On a national basis, it seemed like real estate prices did nothing but rise from the time the United States was founded until the crash of 2008. In reality, the past has seen national declines in minuscule amounts, but the collapse seen in 2008 was a nightmare that still hasn't ended for many homeowners. Today, one in four residential mortgages are held by would-be homeowners who owe the bank more than their homes are worth. The deeply indebted consumers now face a tough choice: hold or fold?
Relaxed lending standards encouraged many people to buy homes. Rising property value encouraged many homeowners to refinance in order to take cash out of their homes. When the real estate market heated to a boil, more than a few buyers put down little or no money in terms of a down payment when they made their purchases. When the bottom fell out of the real estate market, 11 quarters of consecutive declines in home values through to the third quarter of 2009 shaved off about 22% off of the value of those homes according to Zillow's Home Values Index. On a $400,000 home, that's nearly a six-figure decline. For the once-proud owner of that castle, the result is a $90,000 reduction in equity that likely caused the homeowner's mortgage to go into negative equity. According to Zillow, 21% of American homeowners with single-family homes were still underwater in the third quarter, compared to 23% in the second quarter. (Learn more in Who Is To Blame For The Subprime Crisis?)
Even on less expensive homes, the numbers are daunting. A report from real estate information provider First American CoreLogic indicates that: "The average mortgage debt for properties in negative in equity was $280,000 and borrowers that were in a negative equity position were upside down by an average of nearly $70,000." It's a common scenario, with 10.7 million households holding mortgages for amounts greater than the value of the homes that serve as their collateral. Since the first quarter of this year, Zillow reported home price declines in the second and third quarters as well.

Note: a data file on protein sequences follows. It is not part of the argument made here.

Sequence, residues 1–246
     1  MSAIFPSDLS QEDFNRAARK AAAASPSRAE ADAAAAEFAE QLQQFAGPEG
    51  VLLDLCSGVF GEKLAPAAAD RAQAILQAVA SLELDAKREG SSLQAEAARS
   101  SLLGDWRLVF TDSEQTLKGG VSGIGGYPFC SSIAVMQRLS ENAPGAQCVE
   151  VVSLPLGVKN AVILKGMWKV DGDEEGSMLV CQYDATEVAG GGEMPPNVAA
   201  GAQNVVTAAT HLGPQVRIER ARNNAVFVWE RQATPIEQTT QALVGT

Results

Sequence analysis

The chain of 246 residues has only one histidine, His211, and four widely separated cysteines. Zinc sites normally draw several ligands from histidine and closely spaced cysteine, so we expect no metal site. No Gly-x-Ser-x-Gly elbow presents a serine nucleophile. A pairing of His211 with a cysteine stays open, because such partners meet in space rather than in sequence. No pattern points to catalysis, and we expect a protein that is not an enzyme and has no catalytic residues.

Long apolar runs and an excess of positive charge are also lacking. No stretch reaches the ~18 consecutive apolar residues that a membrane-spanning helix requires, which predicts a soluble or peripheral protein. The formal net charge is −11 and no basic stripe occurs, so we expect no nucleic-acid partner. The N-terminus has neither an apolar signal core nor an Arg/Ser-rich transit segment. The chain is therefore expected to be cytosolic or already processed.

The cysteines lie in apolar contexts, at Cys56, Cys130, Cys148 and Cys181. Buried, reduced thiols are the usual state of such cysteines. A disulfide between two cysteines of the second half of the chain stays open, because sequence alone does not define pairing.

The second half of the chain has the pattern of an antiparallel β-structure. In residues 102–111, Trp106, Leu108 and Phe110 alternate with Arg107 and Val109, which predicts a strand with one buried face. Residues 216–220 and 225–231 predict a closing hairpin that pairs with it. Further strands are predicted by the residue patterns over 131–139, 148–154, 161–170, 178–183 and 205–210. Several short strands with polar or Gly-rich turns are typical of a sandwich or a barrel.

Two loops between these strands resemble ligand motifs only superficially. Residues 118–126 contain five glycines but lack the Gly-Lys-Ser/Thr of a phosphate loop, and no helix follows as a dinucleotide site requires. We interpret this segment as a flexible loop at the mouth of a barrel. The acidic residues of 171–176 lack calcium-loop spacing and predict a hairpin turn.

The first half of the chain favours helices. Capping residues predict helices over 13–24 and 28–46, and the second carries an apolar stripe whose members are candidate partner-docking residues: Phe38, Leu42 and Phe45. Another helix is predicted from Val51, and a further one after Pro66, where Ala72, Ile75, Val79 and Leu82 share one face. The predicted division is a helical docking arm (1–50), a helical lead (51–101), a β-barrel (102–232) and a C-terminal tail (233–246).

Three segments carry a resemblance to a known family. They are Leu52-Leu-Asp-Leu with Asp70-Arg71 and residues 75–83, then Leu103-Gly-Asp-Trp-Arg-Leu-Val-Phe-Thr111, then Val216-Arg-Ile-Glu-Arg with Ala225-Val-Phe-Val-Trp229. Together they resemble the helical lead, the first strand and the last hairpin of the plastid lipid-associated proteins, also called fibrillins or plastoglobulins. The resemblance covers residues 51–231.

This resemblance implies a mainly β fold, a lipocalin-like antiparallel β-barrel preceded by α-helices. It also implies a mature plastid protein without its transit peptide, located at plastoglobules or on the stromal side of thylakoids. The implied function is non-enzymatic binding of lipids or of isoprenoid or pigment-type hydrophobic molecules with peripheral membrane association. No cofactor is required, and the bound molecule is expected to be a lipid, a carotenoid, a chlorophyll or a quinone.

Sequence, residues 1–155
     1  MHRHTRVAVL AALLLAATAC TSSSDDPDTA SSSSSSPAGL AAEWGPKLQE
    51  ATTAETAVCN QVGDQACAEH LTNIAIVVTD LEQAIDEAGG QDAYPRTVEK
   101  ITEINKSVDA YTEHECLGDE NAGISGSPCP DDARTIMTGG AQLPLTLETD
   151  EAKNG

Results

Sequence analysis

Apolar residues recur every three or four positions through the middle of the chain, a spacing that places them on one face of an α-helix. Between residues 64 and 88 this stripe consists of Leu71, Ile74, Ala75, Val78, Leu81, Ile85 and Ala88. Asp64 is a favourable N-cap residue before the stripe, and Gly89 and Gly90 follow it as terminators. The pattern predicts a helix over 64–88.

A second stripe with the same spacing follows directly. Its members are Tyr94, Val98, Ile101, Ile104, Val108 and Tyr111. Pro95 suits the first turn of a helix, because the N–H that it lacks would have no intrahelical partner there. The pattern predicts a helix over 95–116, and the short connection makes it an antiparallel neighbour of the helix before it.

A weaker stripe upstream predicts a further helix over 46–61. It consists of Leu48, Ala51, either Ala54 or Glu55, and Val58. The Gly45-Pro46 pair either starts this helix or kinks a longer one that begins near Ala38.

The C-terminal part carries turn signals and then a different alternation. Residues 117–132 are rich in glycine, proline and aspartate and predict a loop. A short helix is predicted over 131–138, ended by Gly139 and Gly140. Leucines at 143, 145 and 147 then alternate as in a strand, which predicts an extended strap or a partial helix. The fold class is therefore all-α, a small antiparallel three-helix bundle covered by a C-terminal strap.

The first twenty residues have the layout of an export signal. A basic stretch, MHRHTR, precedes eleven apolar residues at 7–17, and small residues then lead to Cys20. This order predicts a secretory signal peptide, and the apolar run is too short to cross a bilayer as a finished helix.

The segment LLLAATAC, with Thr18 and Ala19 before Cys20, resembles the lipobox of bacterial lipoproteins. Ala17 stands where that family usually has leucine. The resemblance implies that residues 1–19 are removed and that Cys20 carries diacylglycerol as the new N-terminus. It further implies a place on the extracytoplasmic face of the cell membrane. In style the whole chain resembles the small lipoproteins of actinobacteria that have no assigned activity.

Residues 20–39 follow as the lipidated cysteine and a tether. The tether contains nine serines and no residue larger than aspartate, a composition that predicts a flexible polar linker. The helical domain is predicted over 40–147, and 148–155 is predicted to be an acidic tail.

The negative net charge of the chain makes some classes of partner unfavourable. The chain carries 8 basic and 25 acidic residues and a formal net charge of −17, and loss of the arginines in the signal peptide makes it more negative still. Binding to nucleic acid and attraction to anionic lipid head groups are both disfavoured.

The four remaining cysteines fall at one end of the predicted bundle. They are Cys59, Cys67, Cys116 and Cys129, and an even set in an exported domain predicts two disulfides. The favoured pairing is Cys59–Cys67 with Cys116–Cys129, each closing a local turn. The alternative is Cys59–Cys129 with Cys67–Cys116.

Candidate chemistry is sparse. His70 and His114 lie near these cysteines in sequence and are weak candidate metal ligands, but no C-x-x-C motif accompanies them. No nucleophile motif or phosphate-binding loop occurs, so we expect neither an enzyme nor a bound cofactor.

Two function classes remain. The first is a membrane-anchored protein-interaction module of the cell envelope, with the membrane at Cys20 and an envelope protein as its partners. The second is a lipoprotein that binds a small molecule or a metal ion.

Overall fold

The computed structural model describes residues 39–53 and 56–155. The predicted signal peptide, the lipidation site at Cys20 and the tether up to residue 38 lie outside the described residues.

What do you do when you are in the red? For an increasing number of homeowners, the answer is walk away. While a significant number of the more than 10% of unemployed Americans are unable to pay their mortgages, even those mortgage holders that can afford to make their payments are choosing not to make them. According to "Understanding Strategic Default in Mortgage", a joint study released by Experian and Oliver Wyman, more than half a million borrowers chose to default in 2008 even though they didn't have to take that path. That's more than twice the number of borrowers who willingly walked away from their homes in 2007.
It's a trend that is likely to continue. A new report, "The Vulnerable Middle Class: Bankruptcy and Class Status", which was provided to USA Today suggests that college-educated homeowners will continue to face challenging times. It's part of an ongoing trend whereby America is Losing The Middle Class.
What to Do
So what do you do if you find yourself underwater? If you plan to live in the property for the long term and can afford to make your payments, make them. Over time, real estate values are likely to improve. Paying off your mortgage early is also a good strategy to stem your losses, as every penny spent on interest is a penny wasted. Retiring your debt also puts you in a stronger financial position by freeing up your cash flow. (For further reading, check out Homeowners, Beware These Scams and Avoiding Foreclosure Scams.)